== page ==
Poll was the naughtiest one of the family and the dreadful thing happened on one of her naughty days; a dark day of thick, mustardy fog that had specks of grit in it she could taste on her tongue. Theo was not allowed out because of his delicate chest and by the time Poll got home from school she was already angry. She had been in a cold classroom all day, some of the time stuck in the corner with the Dunce’s Cap on, made of green drawing paper and smelling of
gum, while Mother and Theo had been cosy at home, sharing secrets. Poll loved Theo but she was jealous by nature and when she came coughing in from the fog, hands and feet cold as toads, and found him sitting on Mother’s lap by the fire where she wanted to be, she wished he was dead.
was supposed to be the baby, wasn’t she?

She was naughty at tea. Children were expected to behave well in those days and although Emily Greengrass was less strict in some ways than most mothers, she was firm about table manners. It was always, ‘Sit up straight.’ ‘Don’t talk with your mouth full.’ ‘Elbows off the table, I won’t tell you again.’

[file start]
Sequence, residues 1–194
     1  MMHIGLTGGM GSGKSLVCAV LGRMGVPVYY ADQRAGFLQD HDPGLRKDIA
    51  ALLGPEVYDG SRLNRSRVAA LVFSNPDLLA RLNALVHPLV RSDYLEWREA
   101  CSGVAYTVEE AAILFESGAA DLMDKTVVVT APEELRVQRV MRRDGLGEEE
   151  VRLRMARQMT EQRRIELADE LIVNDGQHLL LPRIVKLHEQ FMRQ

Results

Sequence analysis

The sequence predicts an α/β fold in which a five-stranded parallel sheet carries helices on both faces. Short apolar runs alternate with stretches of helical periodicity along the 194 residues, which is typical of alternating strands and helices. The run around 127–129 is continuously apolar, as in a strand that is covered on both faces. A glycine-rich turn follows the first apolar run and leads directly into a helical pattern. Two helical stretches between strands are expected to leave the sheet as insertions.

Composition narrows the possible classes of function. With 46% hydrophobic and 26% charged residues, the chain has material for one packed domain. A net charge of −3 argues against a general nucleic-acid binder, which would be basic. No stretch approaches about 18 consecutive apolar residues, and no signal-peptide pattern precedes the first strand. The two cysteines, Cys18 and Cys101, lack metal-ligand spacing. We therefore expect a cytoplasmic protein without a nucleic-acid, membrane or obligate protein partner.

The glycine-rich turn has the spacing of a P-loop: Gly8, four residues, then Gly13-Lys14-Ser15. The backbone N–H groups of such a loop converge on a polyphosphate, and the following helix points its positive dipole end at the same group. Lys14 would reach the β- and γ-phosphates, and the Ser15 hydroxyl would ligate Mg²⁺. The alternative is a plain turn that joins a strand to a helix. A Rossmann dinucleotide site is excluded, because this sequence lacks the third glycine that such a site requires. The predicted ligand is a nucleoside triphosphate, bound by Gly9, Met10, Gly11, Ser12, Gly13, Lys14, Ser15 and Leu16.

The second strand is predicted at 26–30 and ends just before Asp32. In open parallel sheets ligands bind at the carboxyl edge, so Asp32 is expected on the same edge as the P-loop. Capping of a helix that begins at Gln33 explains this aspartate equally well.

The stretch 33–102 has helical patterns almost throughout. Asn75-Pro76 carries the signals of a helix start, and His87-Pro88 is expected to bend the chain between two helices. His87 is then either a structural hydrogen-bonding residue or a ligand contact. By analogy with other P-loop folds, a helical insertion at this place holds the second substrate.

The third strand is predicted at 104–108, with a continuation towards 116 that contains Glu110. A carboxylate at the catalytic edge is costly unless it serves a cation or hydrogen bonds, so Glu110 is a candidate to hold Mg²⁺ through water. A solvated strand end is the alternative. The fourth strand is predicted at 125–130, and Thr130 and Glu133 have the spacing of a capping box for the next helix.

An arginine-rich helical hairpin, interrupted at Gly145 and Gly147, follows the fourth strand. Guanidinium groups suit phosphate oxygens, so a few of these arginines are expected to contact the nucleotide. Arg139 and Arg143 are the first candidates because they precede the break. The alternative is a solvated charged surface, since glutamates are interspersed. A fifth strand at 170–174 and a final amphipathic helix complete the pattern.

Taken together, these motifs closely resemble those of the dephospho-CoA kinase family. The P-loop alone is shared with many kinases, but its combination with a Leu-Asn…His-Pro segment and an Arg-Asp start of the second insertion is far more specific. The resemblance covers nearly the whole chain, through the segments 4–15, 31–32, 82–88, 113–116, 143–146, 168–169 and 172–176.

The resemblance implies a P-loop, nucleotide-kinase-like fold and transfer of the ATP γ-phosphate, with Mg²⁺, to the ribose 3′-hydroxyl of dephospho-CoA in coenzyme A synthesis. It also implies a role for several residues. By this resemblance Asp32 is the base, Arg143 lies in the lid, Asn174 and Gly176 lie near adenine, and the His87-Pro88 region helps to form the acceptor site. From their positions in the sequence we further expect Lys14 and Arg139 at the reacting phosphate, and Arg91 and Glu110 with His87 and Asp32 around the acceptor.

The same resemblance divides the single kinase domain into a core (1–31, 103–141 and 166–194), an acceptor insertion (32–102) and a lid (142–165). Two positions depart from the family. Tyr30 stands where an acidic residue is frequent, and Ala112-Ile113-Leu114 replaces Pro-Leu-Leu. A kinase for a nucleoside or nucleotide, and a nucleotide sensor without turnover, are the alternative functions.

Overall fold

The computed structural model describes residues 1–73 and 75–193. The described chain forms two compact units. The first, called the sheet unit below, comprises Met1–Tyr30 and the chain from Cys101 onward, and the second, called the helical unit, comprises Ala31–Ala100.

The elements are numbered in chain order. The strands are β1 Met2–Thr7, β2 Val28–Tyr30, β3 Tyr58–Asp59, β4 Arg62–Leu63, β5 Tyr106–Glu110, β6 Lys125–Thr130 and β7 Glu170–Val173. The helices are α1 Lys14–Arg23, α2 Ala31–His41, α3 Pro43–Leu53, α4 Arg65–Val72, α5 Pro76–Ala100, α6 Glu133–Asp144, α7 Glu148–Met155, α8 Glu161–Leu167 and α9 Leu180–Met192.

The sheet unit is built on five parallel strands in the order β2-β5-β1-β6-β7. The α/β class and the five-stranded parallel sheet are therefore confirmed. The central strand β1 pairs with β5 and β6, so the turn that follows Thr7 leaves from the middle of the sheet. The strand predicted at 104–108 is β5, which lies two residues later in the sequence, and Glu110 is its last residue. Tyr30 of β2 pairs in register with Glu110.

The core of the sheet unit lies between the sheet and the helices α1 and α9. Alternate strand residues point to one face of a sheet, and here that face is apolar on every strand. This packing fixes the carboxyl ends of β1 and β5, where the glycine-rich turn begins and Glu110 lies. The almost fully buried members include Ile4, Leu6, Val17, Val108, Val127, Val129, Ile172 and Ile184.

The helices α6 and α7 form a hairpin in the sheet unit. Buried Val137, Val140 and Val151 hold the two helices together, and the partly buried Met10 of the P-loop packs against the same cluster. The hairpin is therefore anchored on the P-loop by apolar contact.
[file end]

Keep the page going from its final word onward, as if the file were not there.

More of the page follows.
That afternoon, Poll had to be told once too often. Her mother said, ‘I’ve had enough, my girl. Under the table!’

Poll didn’t mind. She had eaten as much as she wanted – she always ate a great deal, very fast, unlike Theo, who chewed every mouthful so slowly that Mother’s fresh scones, crisp and warm from the oven and dripping with butter, might have been dry lumps of old cardboard – and with a good tea inside her it was pleasant under the table. The starched white cloth hung down almost to the floor, making a good, private place where she could behave as she liked and no one to see. The linoleum was brown and patterned in criss-cross stripes of a lighter shade. Poll thought these looked like little gates and, pretending to be a baby again, tried to push them open with her
fingers. She spat on the floor and blew on the spit, to see the colours change in the bubble. There were spiders in the dusty underside of the table and she fetched one down and teased him by letting him run and then barring his way until she felt sorry and took off her shoe to give him a ride in it.

By this time she was yawning. Someone – George, probably, he was always kind to Poll when she was punished – had pushed a small green hassock under the table and she rested her head on it. She didn’t go to sleep properly, just dozed off and on, listening to the voices above her head and watching the feet round the table through the furry fringe of her lashes: George’s heavy shoes, Lily’s neat, black-buttoned boots, and her mother’s slippers that had silver buckles in the shape of small roses.

She must have slept in the end because suddenly her father’s boots were where George’s had been and his voice was saying, ‘I am so sorry about this, Emily dear.’